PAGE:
So being both self-employed and self-published, I feel like my answer here is maybe a bit outside the norm. I’m almost never not writing. May and June were a weird deviation for me because I barely wrote at all, but I was on a couple of tight deadlines and in the process of publishing my own book. Ordinarily, I write just about every day. That said, since writing isn’t my main source of income (or a substantial source at all), I struggle with allowing myself to write during what my brain still perceives as the workday, so I usually fill that time with more administrative type things if I’m not working on client projects, then write in the evenings.
What would you say is your interesting writing quirk?
I write on my phone a lot, which I’ve been told is weird. I like the portability, though – there’s nothing worse than finally having the words and the time and not having anywhere to put them.
Is there a trope you find yourself going back to in multiple works? Or one you avoid?
I’m a sucker for enemies to lovers, apparently.
As far as things I avoid… I’ve got very mixed feelings on a few big ones, especially in queer fiction, but I don’t want to name names or anything. Just because they don’t work for me doesn’t mean there’s anything inherently wrong with them.
How many books have you written? Which is your favorite?
I’ve written three books and a novella, although two of those are currently in a digital drawer, their futures uncertain. Two of them are actually contemporary which was unexpected for me, but I love them both. I released one of those contemporary stories – Dog Won’t Hunt – at the end of June, and I definitely wrote that one for myself. It’s hard to pick a favorite, though, especially when I’m very much enjoying my current projects.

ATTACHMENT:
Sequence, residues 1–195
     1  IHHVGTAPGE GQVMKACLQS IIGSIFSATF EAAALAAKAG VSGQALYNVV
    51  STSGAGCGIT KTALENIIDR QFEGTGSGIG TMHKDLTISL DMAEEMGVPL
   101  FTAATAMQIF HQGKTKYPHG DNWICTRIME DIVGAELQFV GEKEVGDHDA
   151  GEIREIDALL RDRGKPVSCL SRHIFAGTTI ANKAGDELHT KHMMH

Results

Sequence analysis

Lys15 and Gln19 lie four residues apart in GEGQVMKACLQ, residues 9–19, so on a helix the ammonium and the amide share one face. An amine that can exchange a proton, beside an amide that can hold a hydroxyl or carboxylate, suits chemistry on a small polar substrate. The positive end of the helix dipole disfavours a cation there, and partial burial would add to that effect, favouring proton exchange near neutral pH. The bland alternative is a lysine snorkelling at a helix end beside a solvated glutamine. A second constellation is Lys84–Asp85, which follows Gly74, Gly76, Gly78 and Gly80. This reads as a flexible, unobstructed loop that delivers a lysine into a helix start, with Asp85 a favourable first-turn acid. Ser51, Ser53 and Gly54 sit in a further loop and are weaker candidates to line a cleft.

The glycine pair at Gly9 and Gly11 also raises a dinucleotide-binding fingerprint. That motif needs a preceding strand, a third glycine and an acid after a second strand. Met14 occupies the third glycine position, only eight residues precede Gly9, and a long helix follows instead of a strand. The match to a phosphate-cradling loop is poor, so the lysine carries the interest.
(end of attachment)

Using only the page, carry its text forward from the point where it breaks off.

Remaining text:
Do you have any suggestions to help someone become a better writer? If so, what are they?
There’s a lot of common advice that I think has merit. Read, read widely, take the time to think about why you do and don’t like things. Make friends with people who read and write different genres and talk to them about their writing. Learn to accept feedback, and how to give it – both will improve your writing in ways you don’t expect.
Write the stories you want to tell, not the stories other people tell you to write. That’s easy for me to say since I’m self-published and have no plans for traditional publishing, but I’ve seen so many people write stories based on what they think will sell or because they feel like it’s a safe option and they’re miserable the entire time. A good story that you care about can always be cleaned up, but an empty, soulless story can only be improved so much.
What do you think makes a good story?